Why is motherboard used to refer to the main board of a computer? What is the relationship with the word mother here?
It's called a motherboard because it is the main circuit board in the computer, and it can be extended by plugging other circuit boards into it. These extensions are called daughter boards. Wikipedia suggests that historically a "mainboard" was not extensible in this way, hence the need for different terminology. Many computer terms use human or biological words as metaphors:
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The first references I found are in 1956 to "mother" board, "mother-board" and "mother board"; the quotes suggest this is new terminology.
The observant will have noticed one of these early uses of mother-board are in conjunction with baby-board, and not today's common daughterboard. A mother-baby relationship seems more appropriate in this context than mother-daughter.
Daughterboard is the most common term nowadays. When did this replace baby-board?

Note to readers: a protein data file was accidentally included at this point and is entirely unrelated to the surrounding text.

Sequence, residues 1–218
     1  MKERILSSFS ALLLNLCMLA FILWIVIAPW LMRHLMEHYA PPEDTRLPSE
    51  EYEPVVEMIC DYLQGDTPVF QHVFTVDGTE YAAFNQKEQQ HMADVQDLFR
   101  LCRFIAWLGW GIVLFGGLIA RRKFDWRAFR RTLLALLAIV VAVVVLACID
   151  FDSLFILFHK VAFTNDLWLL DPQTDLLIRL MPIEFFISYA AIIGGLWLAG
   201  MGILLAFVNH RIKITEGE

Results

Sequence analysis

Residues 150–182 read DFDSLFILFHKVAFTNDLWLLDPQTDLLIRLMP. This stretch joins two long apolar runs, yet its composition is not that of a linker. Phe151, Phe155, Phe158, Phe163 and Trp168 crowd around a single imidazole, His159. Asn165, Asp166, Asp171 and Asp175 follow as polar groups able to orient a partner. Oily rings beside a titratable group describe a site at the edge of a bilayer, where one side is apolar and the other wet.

The earliest I found was ten years later, in 1965 as daughter board, "motherboard-daughter board" and mother-daughter board.
Mother lode and mother ship are older compounds along similar lines (both dating to at least 19th century, in mining and whaling respectively). Perhaps motherboard was coined by analogy with one of those? (Influence from mother ship seems very plausible, due to its sci-fi popularity.)
In each case, “mother X” seems to mean roughly “a big X, associated to some group of smaller X’s” — the metaphor seems fairly clear.
Unfortunately I can’t find any reliable sources right now with specific info on the origin of motherboard — hopefully someone else can, or I’ll try again tomorrow when I have OED access again…